It's great that the Stand has grown over the past decade into a solid Fringe base for comedy. However, the whole area around St Andrew's Square has always been a bit of a schlep from our base in the West End, so usually a night at the Stand involves taxis or a long walk. But not any more! After years of anticipation and delays, Edinburgh now has a running tram service, and we use our trip to and from Stand On The Square to try them out for the first time. It's so unusual to finally see them in town that when I first encounter one of the tram stops, I find myself automatically looking in the wrong direction for oncoming traffic, subconsciously convinced that I'm somewhere in continental Europe.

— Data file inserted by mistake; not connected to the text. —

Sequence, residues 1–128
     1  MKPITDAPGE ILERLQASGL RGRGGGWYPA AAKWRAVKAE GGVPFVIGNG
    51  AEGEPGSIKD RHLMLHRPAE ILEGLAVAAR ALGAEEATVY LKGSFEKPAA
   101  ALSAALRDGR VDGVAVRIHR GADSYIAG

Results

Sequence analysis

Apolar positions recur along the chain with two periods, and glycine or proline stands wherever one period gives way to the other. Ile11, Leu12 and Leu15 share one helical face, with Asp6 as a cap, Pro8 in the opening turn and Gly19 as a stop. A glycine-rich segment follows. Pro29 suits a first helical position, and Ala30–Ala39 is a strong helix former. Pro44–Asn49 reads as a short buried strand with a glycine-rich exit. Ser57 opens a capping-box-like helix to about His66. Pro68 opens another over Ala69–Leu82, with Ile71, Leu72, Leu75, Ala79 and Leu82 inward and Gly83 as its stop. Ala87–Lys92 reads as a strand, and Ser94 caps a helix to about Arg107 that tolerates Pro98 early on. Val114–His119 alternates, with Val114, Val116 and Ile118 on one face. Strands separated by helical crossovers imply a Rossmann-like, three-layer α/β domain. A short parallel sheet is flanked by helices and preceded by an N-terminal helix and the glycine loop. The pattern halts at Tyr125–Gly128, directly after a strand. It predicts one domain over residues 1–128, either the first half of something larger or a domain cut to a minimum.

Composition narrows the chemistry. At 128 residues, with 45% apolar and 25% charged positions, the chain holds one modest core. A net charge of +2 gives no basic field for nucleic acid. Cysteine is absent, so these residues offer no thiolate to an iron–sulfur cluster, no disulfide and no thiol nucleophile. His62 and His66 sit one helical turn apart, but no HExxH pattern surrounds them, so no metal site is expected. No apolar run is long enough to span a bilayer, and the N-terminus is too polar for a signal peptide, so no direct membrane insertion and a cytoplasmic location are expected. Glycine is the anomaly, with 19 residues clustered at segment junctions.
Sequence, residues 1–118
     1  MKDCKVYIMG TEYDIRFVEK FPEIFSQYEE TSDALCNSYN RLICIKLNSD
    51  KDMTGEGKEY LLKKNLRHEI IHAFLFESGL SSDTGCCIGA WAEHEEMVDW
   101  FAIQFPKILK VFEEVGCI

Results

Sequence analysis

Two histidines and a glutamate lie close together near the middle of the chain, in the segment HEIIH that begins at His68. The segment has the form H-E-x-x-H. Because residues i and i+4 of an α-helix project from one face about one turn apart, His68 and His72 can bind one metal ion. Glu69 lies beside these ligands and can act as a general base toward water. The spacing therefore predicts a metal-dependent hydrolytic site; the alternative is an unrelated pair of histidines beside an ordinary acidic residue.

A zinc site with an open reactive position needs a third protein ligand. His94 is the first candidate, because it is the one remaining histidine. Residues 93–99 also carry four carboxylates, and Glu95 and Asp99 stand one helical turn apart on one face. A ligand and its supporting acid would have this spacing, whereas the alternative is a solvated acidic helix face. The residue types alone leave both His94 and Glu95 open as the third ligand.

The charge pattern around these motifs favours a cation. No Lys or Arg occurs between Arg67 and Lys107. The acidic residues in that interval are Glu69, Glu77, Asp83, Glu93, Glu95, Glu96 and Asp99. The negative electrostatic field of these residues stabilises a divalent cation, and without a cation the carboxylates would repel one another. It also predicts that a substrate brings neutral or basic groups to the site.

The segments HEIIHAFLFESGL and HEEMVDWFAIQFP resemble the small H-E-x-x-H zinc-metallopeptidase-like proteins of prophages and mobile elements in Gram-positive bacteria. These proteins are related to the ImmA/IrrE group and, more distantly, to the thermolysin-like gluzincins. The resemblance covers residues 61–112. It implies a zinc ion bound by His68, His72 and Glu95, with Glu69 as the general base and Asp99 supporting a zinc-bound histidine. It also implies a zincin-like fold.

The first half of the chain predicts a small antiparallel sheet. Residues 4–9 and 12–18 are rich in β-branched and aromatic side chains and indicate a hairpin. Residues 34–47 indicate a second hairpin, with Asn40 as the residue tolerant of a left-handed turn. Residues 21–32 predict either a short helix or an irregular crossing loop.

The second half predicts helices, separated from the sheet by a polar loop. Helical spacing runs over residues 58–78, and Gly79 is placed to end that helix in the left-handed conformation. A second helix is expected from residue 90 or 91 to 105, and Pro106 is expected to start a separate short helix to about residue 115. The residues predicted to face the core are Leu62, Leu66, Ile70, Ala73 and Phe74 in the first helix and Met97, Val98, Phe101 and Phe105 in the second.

Based on our research, the trams are enjoyable enough, apart from that bizarre bell noise that sounds like a bad sample from an eighties electropop record. And they seem to be attracting the punters, albeit more of them on our journey back, which coincides with chucking-out time at the Tattoo. Still, for several years now it looked like there would never be a tram service at all, and even now there's annoyance at how the route is much shorter than the one originally planned. Hence Bloody Trams, a piece of verbatim theatre that was quickly assembled by the Traverse in the few weeks leading up to the tram launch back in May. Cannily, they've realised that those of us who only visit once a year have also been fascinated by the saga of the trams, so they've revived the piece for this year's Fringe.